17 April 2020 | Termination, force majeure and frustration – international perspectives on the life sciences sector
Across our international offices, we're helping life science clients navigate the impact of COVID-19 on R&D, manufacturing and supply chain contracts, and we've seen an increase in parties seeking to rely on termination and force majeure provisions. Issues relating to the law of frustration also arise when considering English law contracts.
These issues must be navigated very carefully. In the current climate, some businesses are struggling to perform their contractual obligations, due to either government restrictions on the movement of people or staff shortages due to illness. On the flipside, other businesses are facing force majeure arguments as a reason for delayed or non-performance, and need to consider the merits of such claims and take advice on the options available to them. Striking the right balance in both of these scenarios is key, as maintaining good business relationships now will pay off later, once the pandemic has abated.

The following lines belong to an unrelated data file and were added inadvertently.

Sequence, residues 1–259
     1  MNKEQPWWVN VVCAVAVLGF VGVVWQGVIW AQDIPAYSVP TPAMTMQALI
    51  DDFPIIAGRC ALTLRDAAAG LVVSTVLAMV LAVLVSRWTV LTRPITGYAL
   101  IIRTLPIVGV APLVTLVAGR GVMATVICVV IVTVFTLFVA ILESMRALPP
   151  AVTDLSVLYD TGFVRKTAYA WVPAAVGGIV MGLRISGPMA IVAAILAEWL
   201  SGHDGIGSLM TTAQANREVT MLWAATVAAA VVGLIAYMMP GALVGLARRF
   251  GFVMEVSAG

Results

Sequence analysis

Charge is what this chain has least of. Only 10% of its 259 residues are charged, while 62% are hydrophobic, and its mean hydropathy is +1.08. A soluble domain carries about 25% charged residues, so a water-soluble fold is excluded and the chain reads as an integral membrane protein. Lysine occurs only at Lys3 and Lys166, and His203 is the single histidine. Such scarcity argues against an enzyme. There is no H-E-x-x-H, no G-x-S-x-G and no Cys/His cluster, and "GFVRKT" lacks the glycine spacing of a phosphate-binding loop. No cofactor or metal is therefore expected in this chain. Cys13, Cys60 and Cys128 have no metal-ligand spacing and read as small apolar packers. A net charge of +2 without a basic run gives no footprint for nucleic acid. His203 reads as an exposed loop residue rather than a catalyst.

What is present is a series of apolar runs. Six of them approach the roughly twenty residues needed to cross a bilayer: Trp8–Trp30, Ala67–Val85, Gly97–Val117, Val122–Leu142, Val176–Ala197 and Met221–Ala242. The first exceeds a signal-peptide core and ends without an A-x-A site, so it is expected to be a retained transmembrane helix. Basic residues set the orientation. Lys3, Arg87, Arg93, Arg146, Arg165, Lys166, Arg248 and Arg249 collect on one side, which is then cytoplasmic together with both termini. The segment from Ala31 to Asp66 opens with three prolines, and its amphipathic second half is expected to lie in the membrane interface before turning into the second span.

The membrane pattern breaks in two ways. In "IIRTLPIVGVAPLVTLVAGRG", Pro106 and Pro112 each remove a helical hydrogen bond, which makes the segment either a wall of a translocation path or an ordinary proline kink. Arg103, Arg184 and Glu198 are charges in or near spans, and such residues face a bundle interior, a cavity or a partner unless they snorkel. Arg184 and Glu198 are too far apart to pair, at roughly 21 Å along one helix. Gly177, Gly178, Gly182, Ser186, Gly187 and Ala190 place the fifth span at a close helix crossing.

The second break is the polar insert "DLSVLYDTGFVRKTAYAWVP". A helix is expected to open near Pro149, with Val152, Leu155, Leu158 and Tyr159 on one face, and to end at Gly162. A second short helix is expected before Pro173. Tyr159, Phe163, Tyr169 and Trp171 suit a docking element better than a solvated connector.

In this instalment of our Life Sciences Disputes series, our experts provide practical guidance on how to navigate the complex legal issues surrounding termination, force majeure and frustration in life science contracts governed by the laws of England, Germany, France, China and Dubai.
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